Ticket office and outdoor gardens 11-16, greenhouses 11-16

Ferns at Tallinn Botanic Garden

Research on rare and endangered fern species at Tallinn Botanic Garden aims to determine vital stages and events in the life cycle of different species and their specific habitat requirements.
Ferns are difficult group of plants to study as their life cycle consist of two generations – gametophytes and sporophytes. For the survival of natural population, it is essential that habitat conditions suit both for the development of gametophytes, which are few millimetres in size, and full size mature sporophytes (plants producing spores). Fertilization and development of young fern plants (sporelings) takes place on gametophytes.
Gametophyte generation and transitions to the sporophyte generation are rather complicated to study in natural conditions. For this reason, gametophytes of different species, their development and specific details of reproduction are studied experimentally in laboratory conditions at Tallinn Botanic Garden. Simultaneously, species specific propagation protocols are elaborated.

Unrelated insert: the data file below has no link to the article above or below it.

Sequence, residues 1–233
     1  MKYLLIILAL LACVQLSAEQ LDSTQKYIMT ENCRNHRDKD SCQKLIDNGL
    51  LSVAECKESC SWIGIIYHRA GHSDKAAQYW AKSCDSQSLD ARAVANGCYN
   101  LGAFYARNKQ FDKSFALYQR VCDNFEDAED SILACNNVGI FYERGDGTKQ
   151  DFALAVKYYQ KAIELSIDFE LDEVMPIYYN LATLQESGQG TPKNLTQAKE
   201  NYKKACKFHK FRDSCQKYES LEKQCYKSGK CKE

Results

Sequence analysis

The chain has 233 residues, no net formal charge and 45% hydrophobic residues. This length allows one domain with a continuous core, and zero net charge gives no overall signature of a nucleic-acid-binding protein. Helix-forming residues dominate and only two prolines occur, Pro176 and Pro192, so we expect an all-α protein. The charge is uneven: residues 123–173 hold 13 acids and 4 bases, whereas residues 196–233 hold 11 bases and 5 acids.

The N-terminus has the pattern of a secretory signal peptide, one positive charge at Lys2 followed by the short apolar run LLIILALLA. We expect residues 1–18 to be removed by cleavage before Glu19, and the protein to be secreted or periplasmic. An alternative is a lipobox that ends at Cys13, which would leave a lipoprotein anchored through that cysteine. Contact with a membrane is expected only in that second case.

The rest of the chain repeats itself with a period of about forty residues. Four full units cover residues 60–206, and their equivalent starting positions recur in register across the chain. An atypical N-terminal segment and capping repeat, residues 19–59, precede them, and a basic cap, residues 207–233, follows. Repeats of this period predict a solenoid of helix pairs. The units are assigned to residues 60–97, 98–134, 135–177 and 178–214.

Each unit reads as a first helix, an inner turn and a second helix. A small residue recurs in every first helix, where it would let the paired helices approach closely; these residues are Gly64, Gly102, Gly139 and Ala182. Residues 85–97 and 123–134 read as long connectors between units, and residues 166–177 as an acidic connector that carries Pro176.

The monitoring of natural populations in their natural habitat gives relevant information about population dynamics and critical changes of the species condition. The artificial establishment and restoration of populations of endangered fern species is studied both in specifically designed artificial habitats in Tallinn Botanic Garden (endangered species of local importance), and on Kauai island of Hawaiian Islands (endangered species of global importance).
The ultimate goal of the fern research at Tallinn Botanic Garden is to elaborate methods for ex situ propagation and, where necessary, reinforce and restore the populations of endangered fern species.

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